Becoming a better software developer is like being in a maze

Nearly every time the word ‘metric’ comes up in software development, is to drop another diss about it. This post is not meant to rant about the latest fad on how to measure code quality (wtfs/minute), monitor your developers (ROI), or count your sushi.

Instead, I would like to share how complicated it is to measure software developers quality, and how I struggle to get better at some areas.

The wall

I struggle because either me or this profession lack a standard ladder of merits to climb. It sort of looks like a maze in some ways. Surely other developers trying to improve their skills can relate to the feeling of studying up some exotic topic until you hit the wall and think: “How is this really making me improve as a software developer?”.

At that point, you either walk back your steps and rethink what do you want to learn next, or you break the wall and connect other paths to it. The decision is up to you, but there are a number of factors that can help you lean towards smashing the wall. I can’t really help with this, but here are some of the questions I pose to myself before continuing:

  • Are there plenty of positive reviews of the topic?
  • What do my friends say about it?
  • Is this something fundamental to Computer Science or some applied technology?
  • Will this broaden my knowledge in unexpected ways?

Again, these questions are just personal and more often than not their answer is blurry when you have just hit the wall. However, I do think it’s a good exercise to outline what are the benefits of devoting a big chunk of your free time to learning something.

These questions help me decide whether the wall is worth breaking or not. Moreover, how do I know how thick is it, and when will I start making out paths cross?

Skill acquisition measurement

There are not so many models that try to measure how far ahead are we with a certain skill. Dreyfus model of skill acquisition, four stages of competence, are two possible ways of merely figuring it out. I see at least two cons with the way these models can be applied to software development.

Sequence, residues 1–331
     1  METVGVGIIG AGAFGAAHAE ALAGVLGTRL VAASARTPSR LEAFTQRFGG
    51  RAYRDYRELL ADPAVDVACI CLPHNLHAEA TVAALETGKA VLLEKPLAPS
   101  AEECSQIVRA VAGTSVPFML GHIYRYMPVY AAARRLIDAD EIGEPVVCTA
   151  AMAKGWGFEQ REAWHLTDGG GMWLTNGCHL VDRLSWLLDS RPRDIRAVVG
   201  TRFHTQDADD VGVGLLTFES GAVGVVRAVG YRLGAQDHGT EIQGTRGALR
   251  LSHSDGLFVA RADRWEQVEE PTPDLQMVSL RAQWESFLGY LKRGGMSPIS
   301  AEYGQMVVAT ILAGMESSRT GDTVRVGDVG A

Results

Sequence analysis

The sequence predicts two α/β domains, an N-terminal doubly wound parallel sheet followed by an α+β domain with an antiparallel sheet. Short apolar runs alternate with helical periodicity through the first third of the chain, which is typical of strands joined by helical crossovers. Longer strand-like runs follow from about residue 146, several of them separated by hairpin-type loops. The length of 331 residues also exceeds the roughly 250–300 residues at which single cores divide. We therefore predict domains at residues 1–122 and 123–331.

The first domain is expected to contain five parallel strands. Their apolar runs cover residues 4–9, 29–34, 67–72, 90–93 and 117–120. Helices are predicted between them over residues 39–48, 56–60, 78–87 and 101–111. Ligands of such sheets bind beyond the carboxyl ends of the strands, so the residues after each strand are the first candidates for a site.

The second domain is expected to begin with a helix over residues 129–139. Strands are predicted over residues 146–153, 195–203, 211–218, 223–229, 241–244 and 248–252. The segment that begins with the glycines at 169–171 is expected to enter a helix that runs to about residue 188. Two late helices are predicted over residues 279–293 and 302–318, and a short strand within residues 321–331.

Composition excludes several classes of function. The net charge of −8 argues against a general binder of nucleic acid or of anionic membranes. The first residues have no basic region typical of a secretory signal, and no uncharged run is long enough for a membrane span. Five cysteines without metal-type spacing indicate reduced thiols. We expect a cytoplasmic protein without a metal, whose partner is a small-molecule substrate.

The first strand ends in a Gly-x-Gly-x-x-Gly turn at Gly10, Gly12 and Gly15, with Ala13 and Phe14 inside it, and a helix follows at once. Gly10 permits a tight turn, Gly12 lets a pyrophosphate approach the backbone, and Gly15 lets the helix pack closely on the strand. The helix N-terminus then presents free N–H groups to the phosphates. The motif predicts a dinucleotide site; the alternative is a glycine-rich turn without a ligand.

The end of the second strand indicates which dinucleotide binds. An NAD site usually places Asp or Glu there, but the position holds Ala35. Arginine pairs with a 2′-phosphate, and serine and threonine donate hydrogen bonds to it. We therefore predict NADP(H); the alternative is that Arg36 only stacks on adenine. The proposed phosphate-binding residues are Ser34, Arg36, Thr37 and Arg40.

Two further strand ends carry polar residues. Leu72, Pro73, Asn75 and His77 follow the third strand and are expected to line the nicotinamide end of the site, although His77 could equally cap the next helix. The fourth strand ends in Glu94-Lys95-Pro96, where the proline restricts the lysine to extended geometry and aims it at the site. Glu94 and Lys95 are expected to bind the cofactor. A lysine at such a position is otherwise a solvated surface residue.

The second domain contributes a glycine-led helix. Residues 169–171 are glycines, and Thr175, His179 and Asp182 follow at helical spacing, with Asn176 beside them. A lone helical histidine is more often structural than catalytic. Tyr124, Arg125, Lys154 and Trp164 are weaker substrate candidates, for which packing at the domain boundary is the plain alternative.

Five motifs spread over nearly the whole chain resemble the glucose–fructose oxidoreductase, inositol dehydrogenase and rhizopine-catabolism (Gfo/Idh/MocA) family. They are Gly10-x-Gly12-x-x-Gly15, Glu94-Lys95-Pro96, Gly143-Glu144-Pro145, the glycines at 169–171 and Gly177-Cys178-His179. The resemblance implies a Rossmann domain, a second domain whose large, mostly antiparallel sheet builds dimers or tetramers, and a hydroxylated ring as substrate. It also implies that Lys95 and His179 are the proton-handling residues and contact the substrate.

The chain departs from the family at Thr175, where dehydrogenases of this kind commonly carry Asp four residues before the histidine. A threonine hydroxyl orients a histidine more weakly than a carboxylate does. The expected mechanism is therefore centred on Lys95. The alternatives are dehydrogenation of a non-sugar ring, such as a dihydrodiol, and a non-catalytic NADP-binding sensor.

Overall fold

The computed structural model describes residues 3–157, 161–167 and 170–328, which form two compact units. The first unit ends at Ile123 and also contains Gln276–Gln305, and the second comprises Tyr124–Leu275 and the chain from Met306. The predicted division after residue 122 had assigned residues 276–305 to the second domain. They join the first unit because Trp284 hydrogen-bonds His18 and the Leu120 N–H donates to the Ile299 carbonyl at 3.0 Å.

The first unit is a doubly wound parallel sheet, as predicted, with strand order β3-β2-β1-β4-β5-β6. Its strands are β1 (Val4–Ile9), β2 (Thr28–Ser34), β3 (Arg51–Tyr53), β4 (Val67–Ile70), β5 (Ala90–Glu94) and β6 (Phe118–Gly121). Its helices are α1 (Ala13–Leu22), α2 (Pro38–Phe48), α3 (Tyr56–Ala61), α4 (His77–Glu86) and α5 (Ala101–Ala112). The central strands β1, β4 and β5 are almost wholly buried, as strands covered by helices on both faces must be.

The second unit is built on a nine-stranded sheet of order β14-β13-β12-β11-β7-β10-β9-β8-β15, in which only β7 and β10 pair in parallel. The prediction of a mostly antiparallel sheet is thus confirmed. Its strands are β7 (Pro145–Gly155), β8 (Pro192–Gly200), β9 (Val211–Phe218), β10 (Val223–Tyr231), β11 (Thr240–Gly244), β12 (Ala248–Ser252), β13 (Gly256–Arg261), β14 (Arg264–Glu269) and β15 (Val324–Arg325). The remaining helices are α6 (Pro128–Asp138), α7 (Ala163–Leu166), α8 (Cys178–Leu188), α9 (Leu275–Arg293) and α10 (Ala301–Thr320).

First off, software development is a vast field. It covers stuff from splay trees, to linear bounded automata or device drivers programming. The point is, it’s quite difficult to measure ‘raw software developer quality’. It’s not so difficult to measure skills.

Nonetheless an expert on some skills is needed to measure these skills. I would venture to say most people exploring a field, do not have access to experts who can let them know how much have they learned. Students get hopeless, and walk back without proper knowledge of the topic, and mostly having wasted a lot of time. I acknowledge and I’m grateful universities and moocs help fixing this issue, but still I’d love to find a way self-learners can mimic the experience themselves at home.

According to Dreyfus model of skill acquisition, experts in a topic make 1-5 % of the population, they write the books, push the research boundaries, and have developed great intuition. I believe this intuition solving problems is what makes the rest of the world believe they are geniuses.

In the end, no one is neither an expert nor a novice at all things software. Systematizing human knowledge into an array with defined boxes is hard. Hell, even knowing what ‘quantity’ to put in each of the boxes is really hard. Is it even worth it worrying about this?

To put things in context, I am spending a lot of free time digging these walls:

  • SICP
  • Contributions to MRI
  • Conway’s game of life
  • Clojure

Before you head on to more interesting places, two questions:

  • How do you know whether a topic is worth exploring or not?
  • How do you know when should you stop digging and move on?

Some useful links:

Pragmatic thinking and learning

Programmer competency matrix

5 stages of programmer incompetence

The four stages of programming competence

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